ATLANTA — In a last-minute news conference, federal investigators announced that a joint terrorism task force, led by the FBI arrested Hasher Jallal Taheb, 21, of Cumming, after an investigation showed he wanted to attack several federal buildings in Washington, D.C.
"His alleged intent was to attack the White House and other targets of opportunity in the Washington, D.C., area," U.S. Attorney B.J. Pak said.
Channel 2 Action News learned late Wednesday night, Taheb planned to attack the White House on Thursday.
Police were tipped off about Taheb in March 2018. The community member who reported him noted that Taheb had become radicalized, changed his name and made plans to travel abroad.
We're working to learn more details about the local suspect's alleged terror plot, on Channel 2 Action News starting at 4 p.m.
According to the criminal complaint filed against Taheb in federal court, he wanted to travel overseas for "hijrai," which is a term used to describe going to the territory controlled by ISIS.
After attempting to sell his car to help fund his travels, he told a confidential source that "he wished to conduct an attack in the United States against targets such as the White House and the Statue of Liberty."
In December 2018, the complaint says Taheb met with an undercover agent and he showed the agent "a hand-drawn diagram of the ground floor of the West Wing of the White House" and "described his plan for attacking the West Wing."
During that meeting, the complaint says Taheb discussed selling his car to buy weapons and explosives and detailed the types of weapons he wanted to buy to use in the attack.
A week later, he met with the undercover agent again and "broadened his prospective targets in the Washington, D.C. area and indicated he wished to attack the Washington Monument, the White House, the Lincoln Memorial and a specific synagogue."
Taheb also outlined the weapons he wanted to purchase during that meeting, which included semi-automatic weapons, improvised explosive devices, an anti-tank rocket and hand grenades.
After several meetings and messaging back and forth with the confidential source and undercover agent, the complaint said Taheb had planned on attacking the White House on Jan. 17.
Taheb explained that the group would attack the White House by approaching from the back road, causing a distraction for police, and then proceeding into the White House. According to Taheb, the (anti-tank rocket) would be used to open a door and move in. Taheb said he planned to get as many people as possible and do the most damage. Taheb specifically noted the areas where the Secret Service and Homeland Security operated in the White House."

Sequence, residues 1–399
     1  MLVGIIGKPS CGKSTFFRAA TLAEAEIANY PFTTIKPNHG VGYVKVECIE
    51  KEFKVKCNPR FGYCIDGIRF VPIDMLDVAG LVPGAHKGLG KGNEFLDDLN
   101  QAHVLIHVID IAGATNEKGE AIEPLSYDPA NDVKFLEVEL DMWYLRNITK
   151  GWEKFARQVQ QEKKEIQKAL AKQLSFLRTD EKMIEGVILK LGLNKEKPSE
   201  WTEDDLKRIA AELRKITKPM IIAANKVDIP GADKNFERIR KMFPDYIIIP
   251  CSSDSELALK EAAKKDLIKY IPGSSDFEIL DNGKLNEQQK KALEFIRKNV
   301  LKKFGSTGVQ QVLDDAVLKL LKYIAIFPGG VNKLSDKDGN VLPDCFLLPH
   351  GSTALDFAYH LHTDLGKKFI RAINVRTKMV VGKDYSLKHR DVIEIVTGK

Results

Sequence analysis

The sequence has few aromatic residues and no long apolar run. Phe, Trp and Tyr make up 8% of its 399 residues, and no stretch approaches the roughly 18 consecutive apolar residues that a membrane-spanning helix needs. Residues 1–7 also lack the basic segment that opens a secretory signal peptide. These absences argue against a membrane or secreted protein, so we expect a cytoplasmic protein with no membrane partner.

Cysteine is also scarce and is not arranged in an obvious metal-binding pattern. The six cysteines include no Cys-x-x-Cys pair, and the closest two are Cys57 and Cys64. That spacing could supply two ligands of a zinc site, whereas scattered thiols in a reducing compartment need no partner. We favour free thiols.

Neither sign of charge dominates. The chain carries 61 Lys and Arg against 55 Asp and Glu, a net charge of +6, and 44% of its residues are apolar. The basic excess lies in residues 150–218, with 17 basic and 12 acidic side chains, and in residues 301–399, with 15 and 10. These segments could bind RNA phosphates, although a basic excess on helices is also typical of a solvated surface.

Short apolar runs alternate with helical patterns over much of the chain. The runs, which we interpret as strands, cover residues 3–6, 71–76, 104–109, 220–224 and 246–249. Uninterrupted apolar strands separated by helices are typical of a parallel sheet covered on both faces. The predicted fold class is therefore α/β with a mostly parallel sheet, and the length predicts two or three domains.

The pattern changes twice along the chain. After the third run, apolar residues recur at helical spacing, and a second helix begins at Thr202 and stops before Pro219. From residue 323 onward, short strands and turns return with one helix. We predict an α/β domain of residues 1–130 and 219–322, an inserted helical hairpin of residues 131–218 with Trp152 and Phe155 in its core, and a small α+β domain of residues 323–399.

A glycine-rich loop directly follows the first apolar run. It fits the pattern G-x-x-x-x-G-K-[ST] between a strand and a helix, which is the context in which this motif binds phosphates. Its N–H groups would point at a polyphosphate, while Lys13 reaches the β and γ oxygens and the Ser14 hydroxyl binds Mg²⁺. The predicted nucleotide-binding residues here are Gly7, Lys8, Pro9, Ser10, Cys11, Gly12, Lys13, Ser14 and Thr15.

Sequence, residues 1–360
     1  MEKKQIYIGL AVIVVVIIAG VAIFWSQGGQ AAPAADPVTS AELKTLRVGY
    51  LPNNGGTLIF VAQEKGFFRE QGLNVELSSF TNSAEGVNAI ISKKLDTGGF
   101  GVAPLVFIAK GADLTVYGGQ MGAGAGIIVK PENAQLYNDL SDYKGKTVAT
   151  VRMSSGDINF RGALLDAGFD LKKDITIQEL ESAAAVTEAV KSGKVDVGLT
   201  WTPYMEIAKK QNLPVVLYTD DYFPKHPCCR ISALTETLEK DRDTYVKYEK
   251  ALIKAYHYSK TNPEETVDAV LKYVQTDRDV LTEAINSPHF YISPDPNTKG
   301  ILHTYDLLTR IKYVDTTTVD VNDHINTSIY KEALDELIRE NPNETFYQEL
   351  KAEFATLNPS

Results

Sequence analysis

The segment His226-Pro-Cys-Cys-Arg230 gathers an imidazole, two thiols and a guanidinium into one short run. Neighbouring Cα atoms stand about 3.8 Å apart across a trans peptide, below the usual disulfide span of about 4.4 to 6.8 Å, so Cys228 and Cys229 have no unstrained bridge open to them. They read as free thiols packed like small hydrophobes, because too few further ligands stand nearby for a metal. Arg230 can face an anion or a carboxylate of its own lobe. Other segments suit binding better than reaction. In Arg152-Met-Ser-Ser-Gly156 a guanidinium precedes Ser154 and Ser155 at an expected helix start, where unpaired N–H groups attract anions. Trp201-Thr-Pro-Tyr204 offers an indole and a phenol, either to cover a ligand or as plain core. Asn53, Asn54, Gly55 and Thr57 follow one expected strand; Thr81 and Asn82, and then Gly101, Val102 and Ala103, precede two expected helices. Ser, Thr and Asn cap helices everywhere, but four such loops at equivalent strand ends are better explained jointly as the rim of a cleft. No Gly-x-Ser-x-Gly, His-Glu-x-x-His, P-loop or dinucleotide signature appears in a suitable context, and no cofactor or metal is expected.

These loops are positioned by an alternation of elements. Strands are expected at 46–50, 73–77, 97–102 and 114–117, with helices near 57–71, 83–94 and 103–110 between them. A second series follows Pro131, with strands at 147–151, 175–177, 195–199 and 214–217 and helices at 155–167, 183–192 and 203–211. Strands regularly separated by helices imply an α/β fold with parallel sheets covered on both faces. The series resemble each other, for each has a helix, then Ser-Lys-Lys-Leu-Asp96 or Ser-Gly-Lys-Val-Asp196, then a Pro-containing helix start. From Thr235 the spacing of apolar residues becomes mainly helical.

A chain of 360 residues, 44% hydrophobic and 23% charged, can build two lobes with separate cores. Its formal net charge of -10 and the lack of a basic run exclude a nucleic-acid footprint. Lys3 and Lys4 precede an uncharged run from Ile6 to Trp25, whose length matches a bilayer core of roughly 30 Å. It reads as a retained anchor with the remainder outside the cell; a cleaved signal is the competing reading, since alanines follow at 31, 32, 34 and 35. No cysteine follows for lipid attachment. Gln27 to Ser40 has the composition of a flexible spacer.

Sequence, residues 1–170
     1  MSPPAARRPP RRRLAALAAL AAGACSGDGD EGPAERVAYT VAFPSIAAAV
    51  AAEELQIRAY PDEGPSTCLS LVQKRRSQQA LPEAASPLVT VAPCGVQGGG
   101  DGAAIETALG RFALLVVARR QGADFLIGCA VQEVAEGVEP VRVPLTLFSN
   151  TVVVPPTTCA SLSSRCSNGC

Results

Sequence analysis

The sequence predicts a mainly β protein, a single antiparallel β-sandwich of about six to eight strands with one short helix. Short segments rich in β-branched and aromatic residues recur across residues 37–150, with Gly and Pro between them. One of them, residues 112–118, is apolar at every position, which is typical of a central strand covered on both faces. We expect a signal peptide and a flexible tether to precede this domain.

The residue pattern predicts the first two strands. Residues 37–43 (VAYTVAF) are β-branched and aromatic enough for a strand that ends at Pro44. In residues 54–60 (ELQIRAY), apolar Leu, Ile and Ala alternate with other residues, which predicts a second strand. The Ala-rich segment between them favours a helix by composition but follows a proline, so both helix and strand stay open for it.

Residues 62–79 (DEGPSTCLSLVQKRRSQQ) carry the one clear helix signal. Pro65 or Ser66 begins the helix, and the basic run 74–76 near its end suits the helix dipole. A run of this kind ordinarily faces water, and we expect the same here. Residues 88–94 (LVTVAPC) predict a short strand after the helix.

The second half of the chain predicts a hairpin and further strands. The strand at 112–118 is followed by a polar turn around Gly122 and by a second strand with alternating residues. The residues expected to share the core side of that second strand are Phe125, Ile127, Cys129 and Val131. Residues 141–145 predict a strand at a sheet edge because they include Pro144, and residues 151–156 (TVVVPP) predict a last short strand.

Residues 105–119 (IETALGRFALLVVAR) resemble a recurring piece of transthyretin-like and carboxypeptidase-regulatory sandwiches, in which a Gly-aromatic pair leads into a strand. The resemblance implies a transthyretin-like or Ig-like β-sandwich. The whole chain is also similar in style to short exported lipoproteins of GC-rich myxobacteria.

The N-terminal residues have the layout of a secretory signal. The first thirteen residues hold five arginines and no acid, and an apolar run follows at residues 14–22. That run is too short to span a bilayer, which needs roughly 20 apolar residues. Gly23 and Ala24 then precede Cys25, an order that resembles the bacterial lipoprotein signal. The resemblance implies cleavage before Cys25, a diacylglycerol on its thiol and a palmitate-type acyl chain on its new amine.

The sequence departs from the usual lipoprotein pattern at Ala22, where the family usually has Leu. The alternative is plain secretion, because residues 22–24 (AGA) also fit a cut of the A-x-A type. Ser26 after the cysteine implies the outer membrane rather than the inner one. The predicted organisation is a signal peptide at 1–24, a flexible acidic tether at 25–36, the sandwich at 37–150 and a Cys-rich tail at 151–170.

Agents arranged to meet with Taheb Wednesday and took him into custody.
NewsChopper 2 flew over Taheb's home on Wednesday night and showed images of multiple police cars surrounding the home.
"Taheb is charged as the result of a year-long investigation by FBI Atlanta's Joint Terrorism Task Force. We want to thank the Forsyth County Sheriff Office and Gwinnett County Police Department for assisting us with his arrest. The investigation is continuing, but at this stage, it is believed Taheb was acting on his own," said Chris Hacker, special agent in charge of FBI Atlanta.
Channel 2's Alyssa Hyman spoke to residents in the area who were shocked to come home to chaos in their neighborhood.
"I have a 4-year-old son, and he was looking out the window and he says, 'Mommy! A police!'" said Coreen Kanet. "I went outside, and then there was a lot of police cars. I thought it was a funeral procession. I had no idea what it was."
Neighbors gave us a picture of Taheb. They told us they never imagined he could have been capable of such a plot, but thanks to a community tip, investigators said Taheb never got close to carrying out his plans.
The FBI said there was never a threat to any location in Georgia and added that the Super Bowl was never a target, either.
Full statement from U.S. Attorney BJay Pak:
“Investigating and prosecuting individuals who seek to cause mass casualties is law enforcement’s top priority. Today, the Joint Terrorism Task Force partners, led by the FBI, arrested Hasher Taheb, 21, of Cumming, Georgia after a thorough investigation into his plans to attack federal buildings. As articulated in the affidavit supporting the complaint, his alleged intent was to attack the White House and other targets of opportunity in the Washington DC area. Mr. Taheb has been charged with violating Title 18USC 844(f)(1) -- attempt to damage by means of an explosive any building owned, possessed, or leased by the United States or any department or agency thereof, or any institution or organization receiving federal financial assistance. The JTTF initiated the case after receiving a tip from the community. Because the FBI, U.S. Secret Service, and numerous Federal, state and law enforcement partners are active participants in the JTTF, all potential threats have been neutralized and were under control from the inception of this case. Again, I want to clarify that there were no threats posed to any targets located in Northern District of Georgia, nor was the upcoming Super Bowl a target of his alleged activity,” said U.S. Attorney Byung J. “BJay” Pak.
"It is important to point out that this investigation and arrest were the direct result of a tip from the community, another example of how important it is to contact law enforcement if you see or hear something suspicious," said Chris Hacker, Special Agent in Charge of FBI Atlanta. "Taheb is charged as the result of a year-long investigation by FBI Atlanta's Joint Terrorism Task Force. We want to thank the Forsyth County Sheriff Office and Gwinnett County Police Department for assisting us with his arrest. The investigation is continuing, but at this stage it is believed Taheb was acting on his own."